Demand for organic meats and dairy foods continues to grow and consumers have shown willingness to pay substantial premiums for them, so livestock production can be an attractive opportunity for new and transitioning organic farmers. Animals also add value to an integrated organic farm by helping replenish nutrients from pastures and fields back into the soil. Grazing or browsing livestock also can generate value from land not suitable for row crop production, assist with weed management, and help distribute income and workload throughout the year. Livestock can also add flexibility to your operation, enabling you to sell crops directly or feed them through animals as market conditions or other factors shift.

Organic livestock management comes with very specific requirements that can be challenging for farmers accustomed to conventional systems. Generally speaking, organic standards favor pasture-based systems, as they tend to be less input-intensive and place a strong emphasis on providing for the animals’ natural behaviors. The USDA’s National Organic Program (NOP) standards cover all aspects of organic certified livestock production under five extensive sections, from 205.236 to 205.240.

Like other organic products, organic livestock must be:

  • Produced without genetic engineering, ionizing radiation, or sewage sludge
  • Managed in a manner that conserves natural resources and biodiversity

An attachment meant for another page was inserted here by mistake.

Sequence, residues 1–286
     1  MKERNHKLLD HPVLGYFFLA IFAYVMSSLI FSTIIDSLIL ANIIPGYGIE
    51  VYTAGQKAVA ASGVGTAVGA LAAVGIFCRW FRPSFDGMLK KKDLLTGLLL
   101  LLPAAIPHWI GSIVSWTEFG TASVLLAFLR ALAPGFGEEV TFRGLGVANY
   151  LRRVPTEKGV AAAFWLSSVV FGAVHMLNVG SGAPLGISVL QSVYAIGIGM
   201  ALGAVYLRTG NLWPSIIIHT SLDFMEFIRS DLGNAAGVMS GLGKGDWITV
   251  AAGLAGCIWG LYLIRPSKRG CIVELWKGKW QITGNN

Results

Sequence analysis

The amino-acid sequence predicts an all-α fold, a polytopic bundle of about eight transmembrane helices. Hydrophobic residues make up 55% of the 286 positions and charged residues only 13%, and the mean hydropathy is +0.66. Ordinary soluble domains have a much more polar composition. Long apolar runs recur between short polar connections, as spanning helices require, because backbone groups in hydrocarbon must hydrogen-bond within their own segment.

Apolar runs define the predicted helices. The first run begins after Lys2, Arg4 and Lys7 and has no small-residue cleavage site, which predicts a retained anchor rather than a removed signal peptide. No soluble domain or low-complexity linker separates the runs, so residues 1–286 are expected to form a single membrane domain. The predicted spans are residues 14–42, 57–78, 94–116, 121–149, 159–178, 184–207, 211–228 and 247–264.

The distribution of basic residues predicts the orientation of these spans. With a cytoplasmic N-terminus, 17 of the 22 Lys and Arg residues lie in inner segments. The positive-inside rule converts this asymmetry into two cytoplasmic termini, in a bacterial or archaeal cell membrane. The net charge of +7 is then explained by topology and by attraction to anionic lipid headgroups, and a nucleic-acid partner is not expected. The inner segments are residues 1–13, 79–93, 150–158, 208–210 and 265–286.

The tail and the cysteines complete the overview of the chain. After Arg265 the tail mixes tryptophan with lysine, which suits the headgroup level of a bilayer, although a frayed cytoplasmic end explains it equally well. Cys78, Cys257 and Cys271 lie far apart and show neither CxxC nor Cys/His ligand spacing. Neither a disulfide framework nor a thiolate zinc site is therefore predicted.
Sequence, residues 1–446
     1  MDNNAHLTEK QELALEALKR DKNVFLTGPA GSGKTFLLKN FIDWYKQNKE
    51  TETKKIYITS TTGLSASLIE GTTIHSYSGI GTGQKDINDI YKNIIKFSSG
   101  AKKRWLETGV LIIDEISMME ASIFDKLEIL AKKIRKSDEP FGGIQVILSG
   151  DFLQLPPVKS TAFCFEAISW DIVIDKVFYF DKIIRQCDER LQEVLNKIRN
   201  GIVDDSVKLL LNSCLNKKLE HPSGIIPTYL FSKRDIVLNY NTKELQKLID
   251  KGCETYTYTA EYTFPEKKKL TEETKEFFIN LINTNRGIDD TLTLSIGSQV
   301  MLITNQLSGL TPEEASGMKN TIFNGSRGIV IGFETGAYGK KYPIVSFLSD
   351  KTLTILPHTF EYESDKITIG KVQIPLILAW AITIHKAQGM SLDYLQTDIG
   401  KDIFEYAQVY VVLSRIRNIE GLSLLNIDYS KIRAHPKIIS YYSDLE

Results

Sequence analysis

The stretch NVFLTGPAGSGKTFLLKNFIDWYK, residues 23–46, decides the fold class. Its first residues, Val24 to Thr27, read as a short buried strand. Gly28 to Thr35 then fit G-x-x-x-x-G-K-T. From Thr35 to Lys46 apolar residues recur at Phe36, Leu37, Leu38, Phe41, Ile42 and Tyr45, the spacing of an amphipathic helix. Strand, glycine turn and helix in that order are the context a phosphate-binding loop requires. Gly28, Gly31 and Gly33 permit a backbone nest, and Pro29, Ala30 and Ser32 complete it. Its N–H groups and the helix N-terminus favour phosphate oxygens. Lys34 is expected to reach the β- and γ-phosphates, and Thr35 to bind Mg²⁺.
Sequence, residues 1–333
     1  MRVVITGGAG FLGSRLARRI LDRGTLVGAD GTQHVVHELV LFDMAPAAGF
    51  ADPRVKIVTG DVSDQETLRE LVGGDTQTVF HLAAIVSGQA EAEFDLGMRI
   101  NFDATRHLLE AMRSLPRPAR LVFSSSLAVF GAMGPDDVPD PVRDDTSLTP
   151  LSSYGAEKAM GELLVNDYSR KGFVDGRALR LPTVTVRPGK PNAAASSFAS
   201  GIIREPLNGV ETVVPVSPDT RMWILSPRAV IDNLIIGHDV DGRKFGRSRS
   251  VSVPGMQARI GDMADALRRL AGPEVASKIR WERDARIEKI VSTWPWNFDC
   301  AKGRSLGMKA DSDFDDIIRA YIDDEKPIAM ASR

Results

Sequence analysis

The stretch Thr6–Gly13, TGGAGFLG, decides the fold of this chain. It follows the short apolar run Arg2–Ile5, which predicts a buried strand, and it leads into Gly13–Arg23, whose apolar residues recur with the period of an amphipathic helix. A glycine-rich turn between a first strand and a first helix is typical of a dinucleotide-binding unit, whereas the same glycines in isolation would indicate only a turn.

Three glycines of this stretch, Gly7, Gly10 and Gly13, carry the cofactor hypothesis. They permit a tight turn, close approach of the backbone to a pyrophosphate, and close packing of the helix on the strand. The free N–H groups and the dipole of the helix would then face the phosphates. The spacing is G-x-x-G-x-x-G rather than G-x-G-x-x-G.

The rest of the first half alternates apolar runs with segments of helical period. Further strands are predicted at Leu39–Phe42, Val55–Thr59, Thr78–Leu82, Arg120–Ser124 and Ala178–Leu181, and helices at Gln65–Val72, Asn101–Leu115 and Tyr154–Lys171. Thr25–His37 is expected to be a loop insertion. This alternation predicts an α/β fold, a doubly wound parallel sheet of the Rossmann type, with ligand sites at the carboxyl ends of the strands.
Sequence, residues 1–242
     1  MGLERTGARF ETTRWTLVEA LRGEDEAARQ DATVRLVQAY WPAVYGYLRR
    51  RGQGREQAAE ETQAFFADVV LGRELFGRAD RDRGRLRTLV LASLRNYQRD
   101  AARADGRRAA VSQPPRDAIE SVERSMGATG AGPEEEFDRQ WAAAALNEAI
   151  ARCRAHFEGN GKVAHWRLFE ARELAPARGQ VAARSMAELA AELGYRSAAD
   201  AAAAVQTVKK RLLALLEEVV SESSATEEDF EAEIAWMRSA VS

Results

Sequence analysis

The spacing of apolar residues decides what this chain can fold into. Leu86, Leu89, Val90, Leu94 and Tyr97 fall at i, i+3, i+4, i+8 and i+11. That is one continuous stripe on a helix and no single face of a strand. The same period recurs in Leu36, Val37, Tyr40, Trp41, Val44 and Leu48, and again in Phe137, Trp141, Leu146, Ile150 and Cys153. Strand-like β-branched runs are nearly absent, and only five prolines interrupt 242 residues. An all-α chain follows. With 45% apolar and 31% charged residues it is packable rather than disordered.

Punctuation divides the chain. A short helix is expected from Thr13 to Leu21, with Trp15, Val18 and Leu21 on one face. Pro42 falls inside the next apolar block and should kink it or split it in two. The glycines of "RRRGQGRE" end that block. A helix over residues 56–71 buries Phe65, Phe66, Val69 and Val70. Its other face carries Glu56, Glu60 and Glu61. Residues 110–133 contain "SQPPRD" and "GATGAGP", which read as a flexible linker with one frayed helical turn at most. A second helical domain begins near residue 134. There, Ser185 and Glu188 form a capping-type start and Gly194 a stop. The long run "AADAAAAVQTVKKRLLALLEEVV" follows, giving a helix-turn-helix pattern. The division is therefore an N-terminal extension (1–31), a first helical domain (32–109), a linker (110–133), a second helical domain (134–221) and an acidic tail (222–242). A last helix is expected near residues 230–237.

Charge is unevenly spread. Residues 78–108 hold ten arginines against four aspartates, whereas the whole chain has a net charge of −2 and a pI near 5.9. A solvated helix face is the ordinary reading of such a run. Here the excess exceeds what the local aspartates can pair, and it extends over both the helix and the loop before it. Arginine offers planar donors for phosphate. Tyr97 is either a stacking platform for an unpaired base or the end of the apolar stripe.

• Raised per the National List of Allowed and Prohibited Substances
  • Overseen by a USDA NOP-authorized certifying agent, meeting all USDA organic regulations
  • Fed 100 percent certified organic feed, except for trace minerals and vitamins used to meet the animal’s nutritional requirement
  • Managed without antibiotics, added growth hormones, mammalian or avian byproducts, or other prohibited feed ingredients (e.g., urea, manure, or arsenic compounds)

Organic livestock must be raised in conditions that accommodate their natural behaviors. These include:

  • Access to the outdoors
  • Shelter
  • Shade
  • Clean, dry bedding
  • Space for exercise
  • Fresh air
  • Clean drinking water

To earn organic certification for livestock products, your Organic System Plan will need to account for:

  • Your source for animals, if you don’t raise them from newborn to production yourself
  • Your source for feed, especially if you don’t grow it all yourself
  • The size and conditions of the shelter that will house the animals
  • How the animals will regularly access the outdoors
  • A health-care plan for the animals that does not include the use of antibiotics and other prohibited substances
  • Manure management
  • Plans for processing the livestock into products for market. 

Watch Emily Newman, Program Manager at Rodale Institute discuss the NOP rule as it applies to organic livestock production in the following video.

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